Physical disconnection

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Physical disconnection can be described as the experience of feeling distant and detached from one's sense of touch and their feelings of ownership or control over their own physical body. This leads into states such as tactile suppression, physical autonomy, pain relief, changes in felt bodily form, a perception of bodily lightness and a general array of physical suppression's. The experience of this effect can also create a wide range of subjective changes to a person's perception of their own body. These are described and documented in the list below:

  • Feeling as if one's body is not their own[1]
  • Feeling as if one's body is autonomously controlling itself
  • Feeling as if one's body is distant and far away
  • Feeling a decrease in one's ability to use fine motor control
  • Feeling a decrease in one's ability to use and perceive their sense of touch

Physical disconnection is often accompanied by other coinciding effects such as cognitive disconnection and visual disconnection in a manner which results in the sensation that one is partially or completely detaching from both their sensory input and their cognitive faculties. This effect is most commonly induced under the influence of moderate dosages of depressant and dissociative compounds, such as, ketamine, PCP and DXM.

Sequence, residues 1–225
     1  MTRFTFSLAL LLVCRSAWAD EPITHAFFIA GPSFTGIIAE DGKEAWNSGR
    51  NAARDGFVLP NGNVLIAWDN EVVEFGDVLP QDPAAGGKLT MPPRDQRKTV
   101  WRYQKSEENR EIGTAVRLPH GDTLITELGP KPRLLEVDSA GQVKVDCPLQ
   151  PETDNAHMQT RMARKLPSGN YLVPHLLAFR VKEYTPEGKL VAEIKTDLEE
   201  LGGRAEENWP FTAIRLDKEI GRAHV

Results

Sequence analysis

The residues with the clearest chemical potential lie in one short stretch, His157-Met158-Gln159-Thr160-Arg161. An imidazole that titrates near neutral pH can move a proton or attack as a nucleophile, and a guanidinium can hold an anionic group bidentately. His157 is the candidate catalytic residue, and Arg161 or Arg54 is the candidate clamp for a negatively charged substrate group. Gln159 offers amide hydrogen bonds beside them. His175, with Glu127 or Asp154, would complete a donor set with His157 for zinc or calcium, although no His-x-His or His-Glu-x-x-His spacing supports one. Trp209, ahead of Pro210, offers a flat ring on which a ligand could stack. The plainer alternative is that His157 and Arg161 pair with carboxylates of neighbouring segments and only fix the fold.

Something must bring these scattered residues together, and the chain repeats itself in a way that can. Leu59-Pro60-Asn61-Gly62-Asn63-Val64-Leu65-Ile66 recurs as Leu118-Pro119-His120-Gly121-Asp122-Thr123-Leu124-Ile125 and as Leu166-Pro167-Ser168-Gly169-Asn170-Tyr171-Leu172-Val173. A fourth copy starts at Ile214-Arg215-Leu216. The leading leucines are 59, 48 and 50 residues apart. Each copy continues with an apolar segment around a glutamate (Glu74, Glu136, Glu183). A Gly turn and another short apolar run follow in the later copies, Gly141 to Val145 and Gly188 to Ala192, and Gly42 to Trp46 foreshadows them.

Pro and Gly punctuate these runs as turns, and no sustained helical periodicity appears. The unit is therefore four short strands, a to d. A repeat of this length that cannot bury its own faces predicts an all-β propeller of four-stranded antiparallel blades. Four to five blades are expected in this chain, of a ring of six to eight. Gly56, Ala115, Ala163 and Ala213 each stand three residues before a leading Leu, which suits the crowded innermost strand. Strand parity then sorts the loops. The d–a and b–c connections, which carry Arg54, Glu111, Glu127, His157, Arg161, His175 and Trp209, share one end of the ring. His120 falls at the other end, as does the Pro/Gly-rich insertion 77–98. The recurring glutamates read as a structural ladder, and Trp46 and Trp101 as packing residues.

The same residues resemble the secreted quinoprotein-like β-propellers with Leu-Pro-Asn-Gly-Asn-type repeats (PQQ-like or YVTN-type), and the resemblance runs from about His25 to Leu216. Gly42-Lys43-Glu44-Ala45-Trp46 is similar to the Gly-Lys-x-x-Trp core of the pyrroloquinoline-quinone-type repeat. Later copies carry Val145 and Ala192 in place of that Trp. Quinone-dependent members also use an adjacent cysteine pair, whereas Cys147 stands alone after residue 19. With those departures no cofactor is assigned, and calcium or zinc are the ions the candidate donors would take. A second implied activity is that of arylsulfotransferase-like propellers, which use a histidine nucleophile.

Psychoactive substances

Compounds within our psychoactive substance index which may cause this effect include:

Experience reports

Anecdotal reports which describe this effect within our experience index include:

See also

External links

  • Mowry, M., Mosher, M., & Briner, W. (2003). Acute physiologic and chronic histologic changes in rats and mice exposed to the unique hallucinogen salvinorin A. Journal of psychoactive drugs, 35(3), 379-382.
  • Retrieved from ‘